Sunday, 16 December 2012

Egmond Manhattan

You can easily recognize here an Egmond guitar with its white plastic block comprising the neck pickup and a slanted pickguard ending in a control plate under which all the electronics are. This system could turn any guitar into an electric one - either hollow or solid body. 

Even knowing that this early 1960s Manhattan model was a cheapo (and concretely this means no truss rod), its minimalist design is quite cool and this model with very pop Lake Placid blue finish is in good condition.

Bertram D

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  1. Looks cool but I'd hate to try to play it. The intonation is probably dubious at best.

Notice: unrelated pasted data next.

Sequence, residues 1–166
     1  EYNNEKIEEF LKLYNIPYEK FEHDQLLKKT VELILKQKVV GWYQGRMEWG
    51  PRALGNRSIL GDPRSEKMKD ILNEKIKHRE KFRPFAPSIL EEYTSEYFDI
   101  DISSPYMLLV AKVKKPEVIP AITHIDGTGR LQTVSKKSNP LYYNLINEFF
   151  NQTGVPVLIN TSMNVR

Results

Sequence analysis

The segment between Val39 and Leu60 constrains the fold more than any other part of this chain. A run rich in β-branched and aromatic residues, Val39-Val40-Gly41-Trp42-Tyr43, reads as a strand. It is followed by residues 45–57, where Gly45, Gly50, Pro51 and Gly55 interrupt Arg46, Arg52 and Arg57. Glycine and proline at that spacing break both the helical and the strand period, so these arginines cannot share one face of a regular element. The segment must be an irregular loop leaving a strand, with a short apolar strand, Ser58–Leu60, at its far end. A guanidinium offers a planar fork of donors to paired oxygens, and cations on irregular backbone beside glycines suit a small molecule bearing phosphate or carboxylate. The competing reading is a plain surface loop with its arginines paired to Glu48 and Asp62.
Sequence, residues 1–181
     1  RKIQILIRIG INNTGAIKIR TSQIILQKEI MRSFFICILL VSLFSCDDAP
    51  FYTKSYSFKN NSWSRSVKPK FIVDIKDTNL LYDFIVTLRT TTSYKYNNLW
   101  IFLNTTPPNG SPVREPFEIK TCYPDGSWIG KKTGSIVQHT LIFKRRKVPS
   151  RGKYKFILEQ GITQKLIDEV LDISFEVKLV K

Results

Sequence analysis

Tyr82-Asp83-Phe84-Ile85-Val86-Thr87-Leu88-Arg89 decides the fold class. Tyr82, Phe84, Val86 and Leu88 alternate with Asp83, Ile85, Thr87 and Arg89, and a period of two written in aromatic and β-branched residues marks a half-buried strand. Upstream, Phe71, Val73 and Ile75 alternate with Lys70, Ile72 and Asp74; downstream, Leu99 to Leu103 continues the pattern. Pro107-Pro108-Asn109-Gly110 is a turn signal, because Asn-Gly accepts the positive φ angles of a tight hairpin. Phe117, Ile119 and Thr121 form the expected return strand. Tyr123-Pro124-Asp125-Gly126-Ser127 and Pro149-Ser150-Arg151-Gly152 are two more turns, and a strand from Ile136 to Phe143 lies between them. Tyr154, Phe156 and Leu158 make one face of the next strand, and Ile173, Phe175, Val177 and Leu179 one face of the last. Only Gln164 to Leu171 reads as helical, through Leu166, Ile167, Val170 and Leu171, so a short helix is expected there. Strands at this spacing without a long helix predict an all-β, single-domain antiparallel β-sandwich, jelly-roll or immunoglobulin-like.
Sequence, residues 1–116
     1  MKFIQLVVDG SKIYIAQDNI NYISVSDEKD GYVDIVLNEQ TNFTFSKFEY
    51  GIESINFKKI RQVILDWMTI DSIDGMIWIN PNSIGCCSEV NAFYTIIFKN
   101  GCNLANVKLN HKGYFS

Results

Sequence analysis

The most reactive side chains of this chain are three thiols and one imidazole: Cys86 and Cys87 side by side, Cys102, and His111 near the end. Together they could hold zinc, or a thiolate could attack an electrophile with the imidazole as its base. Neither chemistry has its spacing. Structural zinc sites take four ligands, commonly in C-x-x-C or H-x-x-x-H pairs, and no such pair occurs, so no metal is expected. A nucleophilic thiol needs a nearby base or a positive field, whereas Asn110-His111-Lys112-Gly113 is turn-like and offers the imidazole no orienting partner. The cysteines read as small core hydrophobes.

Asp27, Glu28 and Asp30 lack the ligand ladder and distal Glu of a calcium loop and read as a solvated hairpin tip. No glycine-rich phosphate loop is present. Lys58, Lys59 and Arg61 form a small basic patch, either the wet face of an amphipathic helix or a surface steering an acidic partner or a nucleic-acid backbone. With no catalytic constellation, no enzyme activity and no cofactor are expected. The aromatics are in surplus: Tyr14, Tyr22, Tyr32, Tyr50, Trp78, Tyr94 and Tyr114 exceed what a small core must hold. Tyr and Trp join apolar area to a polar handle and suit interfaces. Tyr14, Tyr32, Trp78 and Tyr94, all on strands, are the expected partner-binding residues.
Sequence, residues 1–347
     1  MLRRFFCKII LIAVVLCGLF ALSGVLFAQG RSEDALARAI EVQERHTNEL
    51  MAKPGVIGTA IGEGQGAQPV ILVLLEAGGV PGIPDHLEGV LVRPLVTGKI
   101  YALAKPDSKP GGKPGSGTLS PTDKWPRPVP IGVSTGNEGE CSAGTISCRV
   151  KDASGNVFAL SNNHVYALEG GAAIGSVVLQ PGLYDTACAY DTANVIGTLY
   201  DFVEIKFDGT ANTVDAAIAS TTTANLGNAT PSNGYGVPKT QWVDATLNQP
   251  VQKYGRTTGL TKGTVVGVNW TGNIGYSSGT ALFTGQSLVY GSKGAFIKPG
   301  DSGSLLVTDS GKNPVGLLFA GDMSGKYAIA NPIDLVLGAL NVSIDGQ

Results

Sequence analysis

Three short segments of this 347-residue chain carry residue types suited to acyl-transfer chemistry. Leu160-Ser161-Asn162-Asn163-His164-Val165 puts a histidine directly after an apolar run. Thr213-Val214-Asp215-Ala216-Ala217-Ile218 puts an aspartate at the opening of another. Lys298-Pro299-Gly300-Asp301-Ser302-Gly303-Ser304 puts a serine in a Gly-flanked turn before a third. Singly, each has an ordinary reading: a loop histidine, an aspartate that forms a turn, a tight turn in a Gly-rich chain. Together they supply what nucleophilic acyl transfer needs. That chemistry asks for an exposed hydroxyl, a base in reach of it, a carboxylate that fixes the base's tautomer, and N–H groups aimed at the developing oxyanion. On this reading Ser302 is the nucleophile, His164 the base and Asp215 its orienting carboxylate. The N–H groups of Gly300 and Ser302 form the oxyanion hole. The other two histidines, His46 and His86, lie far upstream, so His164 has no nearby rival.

2. That wrap-over trapeze bridge is virtually identical to the one fitted to very early Les Pauls and ES-295s. I wonder if it was a deliberate copy.

  3. Surprisingly, the intonation isn't that bad. It's not that one can adjust per string, but heigth and scalelength are adjustable! The output is modified; originally they were advertised with "including signal cord", which meant a cord was actually fixed to the guitar (with a DIN plug at the end). Looks like someone gave this one a jack output. Later on, this type of Egmond integrated scratchplate/electronics had a regular jackout (not protruding like this one).



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